September 29, 2012 (WASHINGTON) – The US Secretary of State Hillary Clinton met on Friday with Sudanese foreign minister Ali Karti in New York on the sidelines of the United Nations General Assembly (UNGA) meeting.
- Ali Karti (L) speaks as U.S. Secretary of State Hillary Clinton (R) looks on as they speak to the media January 26, 2011 at the State Department in Washington, DC (AFP)
According to the statement released by Sudan’s permanent mission at the UN, the two sides agreed to open channels of communications in the coming period and put additional efforts to improve bilateral relations.
At the meeting Clinton thanked the leadership in Sudan and South Sudan for their wisdom that led to the signing of several cooperation agreements relating to border security, oil, economy and trade this week in the Ethiopian capital Addis Ababa through African Union mediation.
But key issues such as border demarcation and the status of Abyei remain unresolved.
Clinton also expressed appreciation to Sudan for efforts made to protect US embassy during demonstrations that swept Arab and Muslim countries to protest against the amateur movie produced in the US depicting prophet Muhammad in a derogatory manner.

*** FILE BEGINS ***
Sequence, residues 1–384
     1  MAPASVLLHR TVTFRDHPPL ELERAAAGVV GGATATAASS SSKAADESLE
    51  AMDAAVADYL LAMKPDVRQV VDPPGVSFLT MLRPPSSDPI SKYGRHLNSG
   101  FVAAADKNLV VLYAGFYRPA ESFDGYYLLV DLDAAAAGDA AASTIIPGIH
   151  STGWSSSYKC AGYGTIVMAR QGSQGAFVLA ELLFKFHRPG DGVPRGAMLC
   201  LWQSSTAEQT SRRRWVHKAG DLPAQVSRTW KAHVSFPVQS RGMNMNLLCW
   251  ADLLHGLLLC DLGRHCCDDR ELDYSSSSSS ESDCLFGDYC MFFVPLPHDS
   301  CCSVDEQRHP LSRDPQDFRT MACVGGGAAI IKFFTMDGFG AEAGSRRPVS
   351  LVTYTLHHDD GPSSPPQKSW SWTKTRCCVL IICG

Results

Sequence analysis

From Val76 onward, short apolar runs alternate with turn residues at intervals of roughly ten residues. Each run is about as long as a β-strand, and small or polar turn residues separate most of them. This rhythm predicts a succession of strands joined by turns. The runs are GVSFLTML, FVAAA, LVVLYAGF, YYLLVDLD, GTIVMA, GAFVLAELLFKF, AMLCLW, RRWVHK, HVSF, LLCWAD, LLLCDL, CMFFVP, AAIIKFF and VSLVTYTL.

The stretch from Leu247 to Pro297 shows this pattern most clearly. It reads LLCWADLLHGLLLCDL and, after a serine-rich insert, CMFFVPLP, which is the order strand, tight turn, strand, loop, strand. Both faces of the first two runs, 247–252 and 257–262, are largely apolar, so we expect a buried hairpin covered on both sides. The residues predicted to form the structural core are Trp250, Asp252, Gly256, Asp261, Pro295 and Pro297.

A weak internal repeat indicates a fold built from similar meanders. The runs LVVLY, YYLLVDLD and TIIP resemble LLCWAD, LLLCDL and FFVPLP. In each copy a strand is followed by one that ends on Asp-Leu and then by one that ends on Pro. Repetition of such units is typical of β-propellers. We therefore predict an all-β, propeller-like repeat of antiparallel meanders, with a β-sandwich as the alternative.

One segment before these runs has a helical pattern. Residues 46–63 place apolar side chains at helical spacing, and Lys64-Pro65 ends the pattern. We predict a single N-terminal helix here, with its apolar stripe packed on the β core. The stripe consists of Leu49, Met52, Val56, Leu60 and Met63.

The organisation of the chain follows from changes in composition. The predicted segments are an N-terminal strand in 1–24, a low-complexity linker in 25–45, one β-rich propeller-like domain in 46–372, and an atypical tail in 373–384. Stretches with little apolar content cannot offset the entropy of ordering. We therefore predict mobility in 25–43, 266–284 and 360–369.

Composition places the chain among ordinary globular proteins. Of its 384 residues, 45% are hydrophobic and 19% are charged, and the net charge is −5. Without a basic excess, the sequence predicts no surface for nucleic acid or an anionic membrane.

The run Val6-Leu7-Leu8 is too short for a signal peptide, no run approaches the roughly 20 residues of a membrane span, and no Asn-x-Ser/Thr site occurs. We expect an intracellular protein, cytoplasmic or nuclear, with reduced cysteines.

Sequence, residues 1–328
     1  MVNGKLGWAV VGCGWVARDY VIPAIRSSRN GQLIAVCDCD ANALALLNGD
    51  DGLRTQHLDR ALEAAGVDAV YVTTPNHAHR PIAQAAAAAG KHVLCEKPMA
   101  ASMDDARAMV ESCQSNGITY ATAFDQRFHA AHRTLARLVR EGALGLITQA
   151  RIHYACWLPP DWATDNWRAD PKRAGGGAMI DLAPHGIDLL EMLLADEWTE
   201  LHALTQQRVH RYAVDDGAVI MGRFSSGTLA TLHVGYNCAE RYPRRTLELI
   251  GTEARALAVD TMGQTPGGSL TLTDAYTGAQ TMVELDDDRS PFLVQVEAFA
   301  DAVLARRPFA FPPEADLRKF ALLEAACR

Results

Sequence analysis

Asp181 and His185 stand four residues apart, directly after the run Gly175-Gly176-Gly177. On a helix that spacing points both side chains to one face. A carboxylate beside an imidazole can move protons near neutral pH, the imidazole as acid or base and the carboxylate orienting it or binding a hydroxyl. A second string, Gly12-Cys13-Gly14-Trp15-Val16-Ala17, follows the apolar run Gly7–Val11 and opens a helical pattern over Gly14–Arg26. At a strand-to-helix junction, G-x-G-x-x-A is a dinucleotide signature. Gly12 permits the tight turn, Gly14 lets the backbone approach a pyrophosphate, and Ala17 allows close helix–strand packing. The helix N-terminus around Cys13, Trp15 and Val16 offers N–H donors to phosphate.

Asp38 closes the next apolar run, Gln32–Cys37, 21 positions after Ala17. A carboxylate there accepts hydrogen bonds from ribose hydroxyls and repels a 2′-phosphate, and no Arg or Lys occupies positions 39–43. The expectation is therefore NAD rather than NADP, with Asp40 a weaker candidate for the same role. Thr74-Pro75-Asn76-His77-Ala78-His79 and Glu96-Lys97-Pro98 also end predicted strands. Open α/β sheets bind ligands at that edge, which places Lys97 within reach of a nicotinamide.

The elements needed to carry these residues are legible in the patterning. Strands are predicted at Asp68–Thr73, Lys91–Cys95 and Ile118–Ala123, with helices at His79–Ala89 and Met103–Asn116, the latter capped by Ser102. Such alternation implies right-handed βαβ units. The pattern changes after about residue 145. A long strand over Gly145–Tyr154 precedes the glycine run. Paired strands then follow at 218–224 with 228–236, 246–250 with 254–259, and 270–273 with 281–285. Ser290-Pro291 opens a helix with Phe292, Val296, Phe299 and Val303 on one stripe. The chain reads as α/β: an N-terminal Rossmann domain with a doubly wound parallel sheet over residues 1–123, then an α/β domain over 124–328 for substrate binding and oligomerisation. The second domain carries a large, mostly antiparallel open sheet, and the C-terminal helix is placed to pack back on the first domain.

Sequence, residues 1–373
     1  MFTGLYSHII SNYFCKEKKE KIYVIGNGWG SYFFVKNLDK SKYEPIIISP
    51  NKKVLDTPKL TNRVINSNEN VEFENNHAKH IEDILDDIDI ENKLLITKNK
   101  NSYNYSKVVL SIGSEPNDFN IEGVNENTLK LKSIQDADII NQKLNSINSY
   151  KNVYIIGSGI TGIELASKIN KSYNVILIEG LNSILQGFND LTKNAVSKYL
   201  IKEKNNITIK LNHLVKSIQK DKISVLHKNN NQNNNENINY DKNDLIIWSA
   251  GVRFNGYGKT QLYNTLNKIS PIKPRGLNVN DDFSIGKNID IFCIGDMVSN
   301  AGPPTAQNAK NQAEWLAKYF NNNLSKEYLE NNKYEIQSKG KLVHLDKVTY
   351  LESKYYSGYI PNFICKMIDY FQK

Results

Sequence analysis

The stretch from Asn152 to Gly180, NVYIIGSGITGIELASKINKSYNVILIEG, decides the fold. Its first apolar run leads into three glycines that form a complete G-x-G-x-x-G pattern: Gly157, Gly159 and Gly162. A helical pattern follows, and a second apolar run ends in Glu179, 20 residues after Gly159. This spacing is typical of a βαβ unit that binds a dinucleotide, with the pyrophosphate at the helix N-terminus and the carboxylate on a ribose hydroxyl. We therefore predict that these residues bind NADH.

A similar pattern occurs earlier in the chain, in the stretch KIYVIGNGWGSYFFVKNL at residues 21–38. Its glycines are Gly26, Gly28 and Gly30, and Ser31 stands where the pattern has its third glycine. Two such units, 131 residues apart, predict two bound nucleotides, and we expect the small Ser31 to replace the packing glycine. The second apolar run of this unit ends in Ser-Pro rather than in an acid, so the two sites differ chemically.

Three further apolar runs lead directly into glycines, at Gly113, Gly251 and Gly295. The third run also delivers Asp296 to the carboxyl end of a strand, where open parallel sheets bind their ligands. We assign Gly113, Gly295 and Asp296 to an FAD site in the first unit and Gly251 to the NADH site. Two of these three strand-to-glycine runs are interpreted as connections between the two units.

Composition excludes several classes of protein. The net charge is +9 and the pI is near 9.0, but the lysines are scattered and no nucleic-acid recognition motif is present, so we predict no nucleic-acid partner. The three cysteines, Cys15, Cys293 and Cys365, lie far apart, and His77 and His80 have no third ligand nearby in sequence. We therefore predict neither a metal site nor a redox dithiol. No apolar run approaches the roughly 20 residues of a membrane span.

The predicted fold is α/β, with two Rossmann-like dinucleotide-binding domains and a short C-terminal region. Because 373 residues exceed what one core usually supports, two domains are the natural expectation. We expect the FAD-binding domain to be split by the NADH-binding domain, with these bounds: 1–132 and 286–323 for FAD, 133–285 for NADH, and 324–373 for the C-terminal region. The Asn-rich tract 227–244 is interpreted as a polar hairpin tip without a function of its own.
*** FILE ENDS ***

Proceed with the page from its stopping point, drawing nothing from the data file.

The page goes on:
The Sudanese foreign minister briefed his American counterpart on his country’s efforts to achieve security and stability through resolving conflicts.
Karti hailed the US role in peace initiatives and urged Washington to follow through on its promises by lifting sanctions and removing Sudan from the list of states that sponsor terrorism.
Washington still maintains its 1997 embargo on the country over Sudan’s role in hosting prominent Islamist militants. The sanctions restrict US trade and investment with Sudan and block the assets of the Sudanese government.
The US has promised to remove Sudan’s terrorism designation if it facilitated South Sudan’s referendum and recognize its results. South Sudan voted to secede from Sudan in January 2011 and declared independence in July that year.
Sudan was the first country to officially recognise South Sudan.
However, the conflicts that erupted in South Kordofan and Blue Nile border states last year as well as lack of progress on post-referendum matters made Washington attach additional conditions for the de-listing process.